Wíyukčaŋ means consciousness or all–knowing in the Lakota language of the Sioux tribes.
Since colonialism and the ensuing rise of capitalism, western society has undermined and cast aside this Indigenous wisdom. Now, as we grapple with the devastating effects of extractive systems in the West, we’re realizing we should have listened to the greatest protectors of our earth a long time ago.
The question is, are we too late?
There are an estimated 476 million Indigenous peoples worldwide. Though they comprise only around 6 percent of the global population, they protect 80 percent of biodiversity left in the world. In the U.S., they’ve lost an alarming 99 percent of their land to European settlers, removal policies, and forced migration. These colonial policies continue to affect tribes today, many of which have been relocated to less valuable lands where they’re excluded from participating in energy, forestry, and natural resource industries and are more vulnerable to the climate crisis (e.g. poor air quality, extreme weather and heat waves, and flooding).
Where the narrative goes wrong today
What’s concerning to me is that many of the privileged counter-culture conversations about the climate crisis today center on building doomsday bunkers and learning survival skills. Or worse, co-opting the growing and land management techniques used by Indigenous peoples for centuries, for personal gain. There’s nothing inherently wrong with building these capacities, especially if it helps in a crisis. But this individualist narrative perpetuates the same attitude that gave rise to colonialism and misses the larger point—that if we truly listened to Indigenous wisdom, we would stop the climate crisis together, not buy another survival knife.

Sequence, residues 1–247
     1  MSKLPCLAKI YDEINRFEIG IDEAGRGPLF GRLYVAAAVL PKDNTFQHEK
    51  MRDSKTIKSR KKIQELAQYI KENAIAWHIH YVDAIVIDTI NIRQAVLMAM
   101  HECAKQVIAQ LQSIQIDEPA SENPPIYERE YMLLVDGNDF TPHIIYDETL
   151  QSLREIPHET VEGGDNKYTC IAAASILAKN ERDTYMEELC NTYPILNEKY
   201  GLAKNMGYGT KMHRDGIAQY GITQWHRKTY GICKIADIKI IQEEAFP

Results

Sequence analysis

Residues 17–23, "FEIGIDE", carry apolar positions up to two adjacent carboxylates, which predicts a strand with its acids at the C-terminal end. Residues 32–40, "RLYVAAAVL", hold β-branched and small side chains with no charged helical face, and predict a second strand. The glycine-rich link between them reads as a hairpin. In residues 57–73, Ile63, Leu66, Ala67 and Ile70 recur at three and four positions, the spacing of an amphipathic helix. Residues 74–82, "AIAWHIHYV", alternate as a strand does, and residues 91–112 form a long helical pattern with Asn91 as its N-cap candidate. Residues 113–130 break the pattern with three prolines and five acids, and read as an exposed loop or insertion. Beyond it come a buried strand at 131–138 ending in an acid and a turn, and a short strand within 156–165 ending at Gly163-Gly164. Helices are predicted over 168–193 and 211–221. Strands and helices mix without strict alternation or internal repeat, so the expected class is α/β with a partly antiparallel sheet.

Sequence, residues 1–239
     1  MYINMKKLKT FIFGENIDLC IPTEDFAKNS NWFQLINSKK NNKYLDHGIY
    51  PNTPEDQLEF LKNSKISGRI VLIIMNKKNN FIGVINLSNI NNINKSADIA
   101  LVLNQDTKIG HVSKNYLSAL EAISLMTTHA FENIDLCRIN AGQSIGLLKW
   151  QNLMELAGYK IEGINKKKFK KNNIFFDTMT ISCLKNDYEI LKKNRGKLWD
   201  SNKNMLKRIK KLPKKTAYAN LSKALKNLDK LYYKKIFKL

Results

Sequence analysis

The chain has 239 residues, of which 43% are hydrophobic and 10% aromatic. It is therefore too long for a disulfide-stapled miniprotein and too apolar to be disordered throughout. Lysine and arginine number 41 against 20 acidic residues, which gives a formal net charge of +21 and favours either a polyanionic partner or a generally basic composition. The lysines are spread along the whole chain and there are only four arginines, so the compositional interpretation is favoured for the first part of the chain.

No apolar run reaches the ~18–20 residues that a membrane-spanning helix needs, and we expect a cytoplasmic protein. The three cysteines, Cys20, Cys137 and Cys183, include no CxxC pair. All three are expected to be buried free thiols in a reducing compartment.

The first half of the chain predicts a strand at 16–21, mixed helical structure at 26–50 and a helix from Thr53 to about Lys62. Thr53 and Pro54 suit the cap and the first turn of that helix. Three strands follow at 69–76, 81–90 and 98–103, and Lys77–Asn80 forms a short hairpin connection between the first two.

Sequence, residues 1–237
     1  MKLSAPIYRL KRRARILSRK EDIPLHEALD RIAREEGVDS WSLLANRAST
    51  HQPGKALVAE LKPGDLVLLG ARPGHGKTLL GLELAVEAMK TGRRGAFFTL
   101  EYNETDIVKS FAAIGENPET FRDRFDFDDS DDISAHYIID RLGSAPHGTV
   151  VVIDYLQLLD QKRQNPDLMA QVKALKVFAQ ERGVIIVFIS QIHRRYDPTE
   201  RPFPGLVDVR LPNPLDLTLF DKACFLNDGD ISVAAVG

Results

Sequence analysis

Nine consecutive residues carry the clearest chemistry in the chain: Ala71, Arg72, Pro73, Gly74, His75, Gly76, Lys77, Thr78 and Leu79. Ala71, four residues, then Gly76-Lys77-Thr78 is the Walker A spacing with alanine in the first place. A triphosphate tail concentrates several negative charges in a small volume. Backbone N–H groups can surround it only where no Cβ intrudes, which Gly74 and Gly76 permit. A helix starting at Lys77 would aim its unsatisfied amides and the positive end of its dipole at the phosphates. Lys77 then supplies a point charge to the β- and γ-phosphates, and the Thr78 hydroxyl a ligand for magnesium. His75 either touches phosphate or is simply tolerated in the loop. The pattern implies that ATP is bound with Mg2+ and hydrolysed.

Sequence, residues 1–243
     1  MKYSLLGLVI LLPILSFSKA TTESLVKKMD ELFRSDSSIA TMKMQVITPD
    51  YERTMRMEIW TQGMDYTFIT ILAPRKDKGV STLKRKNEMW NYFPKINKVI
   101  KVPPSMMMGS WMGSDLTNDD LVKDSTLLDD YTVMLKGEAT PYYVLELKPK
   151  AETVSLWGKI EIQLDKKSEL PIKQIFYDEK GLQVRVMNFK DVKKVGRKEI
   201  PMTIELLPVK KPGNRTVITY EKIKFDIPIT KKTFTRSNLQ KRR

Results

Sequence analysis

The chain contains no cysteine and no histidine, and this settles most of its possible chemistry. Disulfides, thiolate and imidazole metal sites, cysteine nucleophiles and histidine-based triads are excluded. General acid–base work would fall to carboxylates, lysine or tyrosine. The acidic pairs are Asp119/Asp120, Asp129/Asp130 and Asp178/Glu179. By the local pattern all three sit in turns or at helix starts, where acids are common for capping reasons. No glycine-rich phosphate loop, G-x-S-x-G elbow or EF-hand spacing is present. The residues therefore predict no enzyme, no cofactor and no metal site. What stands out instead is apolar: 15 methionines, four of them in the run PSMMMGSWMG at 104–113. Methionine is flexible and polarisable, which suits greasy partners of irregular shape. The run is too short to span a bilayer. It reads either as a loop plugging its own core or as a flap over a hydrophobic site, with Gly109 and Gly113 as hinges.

So how can we be better stewards of Indigenous wisdom? There are plenty of articles about what we can learn from them. This post is more about reorienting ourselves within our culture and, in turn, making strides to reorient that culture toward their wisdom. Today is International Day of the World’s Indigenous Peoples, this cultural change should be part of every day.
Where understanding begins…
Here are a few ways to incorporate Indigenous wisdom into your life and community.
Look deeper into lessons from Indigenous language
Indigenous languages emphasize verbs. They are alive. Western languages are noun heavy. They ‘thingify’ words to organize, harmonize, and ultimately, dominate. Where our language says a tree as a thing, Indigenous language might say ‘treeing,’ expressing its aliveness, complexity, and nuance. Another example is in Indigenous peoples’ fluid naming conventions. Names, drawn from nature, can be changed to express personality, progression, or life circumstances. Furthermore, Indigenous naming conventions were non-binary well before the Western world began enforcing monolithic gender norms. Only now are we starting to have conversations about the impact of these problematic gender conventions in the West.